- Don John.
o (Act II, Scene I: Line 137).
---
‘You know me well: I am he.’
- Claudio.
o (Act II scene I: Line 138).

Claudio proceeds in asking Don John “How know you he loves her?” then Don John lies to Claudio again by saying that he heard “him swear his affection”.

Another conspiracy is that of Benedick trying to deceive Beatrice into thinking that he is somebody else, so she talks to him differently in Act II scene I. It is debatable whether Beatrice knows that Benedick is the stranger behind the mask but if she does happen to know this then she is deceiving him to make a fool out of him.

Of all of deception and trickery that runs through ‘Much Ado’ one of the most prominent is the love affair between Beatrice. It starts of with ‘a merry war’, goes into both Benedick and Beatrice denying the fact that they have romantic feelings towards each other, and then after they are deceived by: Hero, Ursula, Don Pedro, Claudio and Leonato start to show their true feelings towards each other in their own soliloquies.

Another conspiracy which, again, involves Don John and Borachio trying to sabotage Claudio and Hero’s relationship is in Act II Scene II, when Borachio suggests to Don John that they should convince Claudio and Don Pedro that Hero is no longer a maiden and has been unfaithful to Claudio with Borachio, vexing Claudio whilst also “misusing the prince, to undo Hero, and kill Leonato”.

Don John approves of this idea and offers to pay Borachio for his part in the plan. Borachio tells Don John that Hero is in love with Borachio. “Tell them that you know that Hero loves me”. Don John then informs Borachio of his payment for his part in the plan “a thousands ducats”.

Don John leads Don Pedro and Claudio to under Hero’s window where they find Borachio and Margaret are having Sexual intercourse at the window of Hero’s bedroom. However, Don Pedro and Claudio are led to believe that the woman is in fact Hero.

This plan is carried out in Act III Scene II, when Don John approaches Don Pedro and Claudio saying:
‘You may think I love you not. Let that
appear hereafter, and aim better at me by that I now will
manifest. For my brother, I think he holds you well, and
in dearness of heart hath holp to effect your ensuing
marriage – surely suit ill spent, and labour ill bestowed!’
- Don John.
o (Act III, Scene II: Lines 81-85).

Don John then goes on to say ‘the lady is disloyal’ and refers to her as a whore by saying ‘Even she – Leonarto’s Hero, your Hero: every man’s Hero.’ He then advises Claudio to not disagree with his view before the ‘evidence’ is presented to him, and also advised that:

‘If you dare not trust what you see, confess not that you
know. If you will follow me, I will show you enough.
And when you have seen more and heard more,
proceed accordingly.’
- Don John.
o (Act III, Scene II: Lines 103-106).

This deception overlaps into Act IV Scene I (the wedding scene) where Count Claudio and Don Pedro proceed in shaming Hero for supposedly not being a virgin, causing Leonarto to be ashamed of his daughter and enraged by the situation.

Claudio starts to shame Hero during the wedding scene in Act IV Scene I by asking Leonarto if he is sure that Hero is actually a virgin:
‘Will you free an unconstrainèd soul,
Give me this maid, your daughter?’
- Claudio.
o (Act IV Scene I: Lines 21-22).

As Leonarto still believes that his daughter is a maid and unconstrained ‘As freely, son, as God did give her me’ he tries to defend her by asking Claudio ‘what do you mean, my lord?’ This shows the reader how confused Leonato is at this point in the play.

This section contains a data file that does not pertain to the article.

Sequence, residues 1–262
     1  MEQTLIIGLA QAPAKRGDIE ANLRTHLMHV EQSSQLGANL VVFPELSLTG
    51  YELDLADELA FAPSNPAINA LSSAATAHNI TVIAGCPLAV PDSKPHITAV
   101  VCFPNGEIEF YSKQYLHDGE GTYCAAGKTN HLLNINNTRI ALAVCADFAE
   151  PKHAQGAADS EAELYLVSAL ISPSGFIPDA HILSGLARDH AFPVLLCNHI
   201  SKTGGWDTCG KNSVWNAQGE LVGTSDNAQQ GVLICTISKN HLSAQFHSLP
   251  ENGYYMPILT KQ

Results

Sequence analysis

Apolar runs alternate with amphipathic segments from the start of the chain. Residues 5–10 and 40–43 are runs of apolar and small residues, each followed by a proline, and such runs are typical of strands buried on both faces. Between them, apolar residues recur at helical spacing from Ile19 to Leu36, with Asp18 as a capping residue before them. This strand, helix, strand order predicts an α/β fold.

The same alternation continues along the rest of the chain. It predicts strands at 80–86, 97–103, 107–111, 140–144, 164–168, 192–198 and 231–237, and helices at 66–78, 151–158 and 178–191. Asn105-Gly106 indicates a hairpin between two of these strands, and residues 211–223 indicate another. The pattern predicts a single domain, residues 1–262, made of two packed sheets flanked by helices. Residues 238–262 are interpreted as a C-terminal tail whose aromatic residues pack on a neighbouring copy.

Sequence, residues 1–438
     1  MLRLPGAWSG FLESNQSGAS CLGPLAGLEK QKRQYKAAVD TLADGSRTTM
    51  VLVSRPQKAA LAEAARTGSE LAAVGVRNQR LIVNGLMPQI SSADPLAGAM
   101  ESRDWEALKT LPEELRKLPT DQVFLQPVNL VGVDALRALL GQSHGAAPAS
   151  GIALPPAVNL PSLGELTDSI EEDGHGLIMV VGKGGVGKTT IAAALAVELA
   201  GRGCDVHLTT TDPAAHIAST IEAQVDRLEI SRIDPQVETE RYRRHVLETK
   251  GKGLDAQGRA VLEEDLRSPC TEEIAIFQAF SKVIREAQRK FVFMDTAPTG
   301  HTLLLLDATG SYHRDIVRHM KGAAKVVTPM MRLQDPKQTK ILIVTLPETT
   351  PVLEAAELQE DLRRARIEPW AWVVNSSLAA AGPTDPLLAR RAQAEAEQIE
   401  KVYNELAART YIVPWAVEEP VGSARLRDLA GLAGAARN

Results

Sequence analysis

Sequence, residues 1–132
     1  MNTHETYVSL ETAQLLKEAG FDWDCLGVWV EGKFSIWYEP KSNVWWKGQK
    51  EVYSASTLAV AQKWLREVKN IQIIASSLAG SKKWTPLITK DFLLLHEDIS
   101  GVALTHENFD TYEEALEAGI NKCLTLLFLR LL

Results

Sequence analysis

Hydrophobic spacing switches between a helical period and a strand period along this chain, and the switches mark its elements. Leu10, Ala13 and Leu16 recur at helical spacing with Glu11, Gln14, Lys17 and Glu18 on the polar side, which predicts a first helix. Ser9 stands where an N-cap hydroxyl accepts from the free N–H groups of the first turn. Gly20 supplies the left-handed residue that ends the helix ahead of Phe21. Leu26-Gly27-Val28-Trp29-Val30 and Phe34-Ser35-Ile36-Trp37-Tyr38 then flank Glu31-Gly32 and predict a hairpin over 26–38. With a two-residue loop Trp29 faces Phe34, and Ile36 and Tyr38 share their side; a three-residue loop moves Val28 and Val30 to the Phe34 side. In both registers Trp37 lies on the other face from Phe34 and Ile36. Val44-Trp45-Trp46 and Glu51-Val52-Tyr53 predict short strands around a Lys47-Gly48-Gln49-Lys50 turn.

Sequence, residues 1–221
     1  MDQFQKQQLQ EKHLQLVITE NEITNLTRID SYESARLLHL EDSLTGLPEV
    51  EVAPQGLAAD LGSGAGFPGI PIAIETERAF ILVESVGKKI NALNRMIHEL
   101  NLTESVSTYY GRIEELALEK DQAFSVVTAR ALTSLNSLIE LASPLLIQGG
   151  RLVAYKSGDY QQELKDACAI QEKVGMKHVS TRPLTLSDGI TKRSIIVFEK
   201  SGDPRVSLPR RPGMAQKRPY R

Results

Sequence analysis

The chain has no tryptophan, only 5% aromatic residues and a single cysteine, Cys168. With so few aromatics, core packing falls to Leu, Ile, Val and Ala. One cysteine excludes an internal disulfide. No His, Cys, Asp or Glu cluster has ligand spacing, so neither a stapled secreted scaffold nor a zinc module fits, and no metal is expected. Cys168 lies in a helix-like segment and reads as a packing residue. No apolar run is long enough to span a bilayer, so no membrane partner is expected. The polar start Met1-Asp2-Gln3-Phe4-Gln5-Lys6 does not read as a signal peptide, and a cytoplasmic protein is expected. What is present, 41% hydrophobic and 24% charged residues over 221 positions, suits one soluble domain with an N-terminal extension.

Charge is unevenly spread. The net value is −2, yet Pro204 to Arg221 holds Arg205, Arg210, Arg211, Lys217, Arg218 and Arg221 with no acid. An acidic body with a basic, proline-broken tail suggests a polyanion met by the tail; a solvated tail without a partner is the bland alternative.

Claudio and Don Pedro continue to shame Hero in front of all her family and all of their friends:

‘Not to be married,
Not to knit my soul to an approvèd wanton.’
- Claudio.
o Act IV, Scene I (Lines 40 and 41).

Everybody at the congregation is deeply shocked by this revelation. Benedick shows that he is uncertain about the whole affair:

‘Two of them have very bent of honour,
And if their wisdoms be misled in this,
The practice of it lives in John the Bastard,
Whose spirits toil in frame of villainies.’
- Benedick.
o Act IV, Scene I: (Lines 182-185).
It is later revealed that Don John and Borachio were solely responsible for the conspiracy that Hero had been adulterous with Borachio when she hadn’t by Dogberry and his watchmen in act III scene III, when Borachio was bragging about being paid by Don John for his part of dishonouring Hero to Conrade:

‘… But know that I have tonight, wooed
Margaret the Lady Hero’s gentlewoman, by the name of
Hero. She leans me out at her mistress’ chamber-
window, bids me a thousand times goodnight- I tell this
tale vilely – I should first tell thee how the Prince,
Claudio, and my master, planted, and placed, and
possessed, by my master Don John, saw afar off in the
orchard this amiable encounter.
- Borachio.
o Act III, Scene III: (Lines: 129- 136).

Conrade helps the watchmen to find out more about this plot by unknowingly, by asking Borachio if ‘thought they Margaret was Hero?’ Borachio makes a grave error when he replies with in ear shot of the watchmen with:

‘Two of them did, the Prince and Claudio – but the devil
My master knew she was Margaret. And partly by his
oaths, which first possessed them, partly by the dark
night, which did deceive them, but chiefly by my
villainy, which did confirm any slander that Don John
had made, away went Claudio enraged: swore he
would meet her, as he was appointed, next morning at
the temple, and there, before the whole congregation,
shame her with what he saw o’ernight, and send her
home again without a husband.’
- Borachio.
o Act III, Scene III: (Lines: 138-147).

After hearing this, the watchmen leap out from their hiding place, arrest both Borachio and Conrade:

(coming forward) ‘We charge you, in the Prince’s name,
stand!’
- Watchman 1.
o Act III, Scene III: (Lines 148-149).

Borachio and Conrade are then led off to prison by the watch, where they confess everything about the plot to destroy the relationship between Claudio and Hero to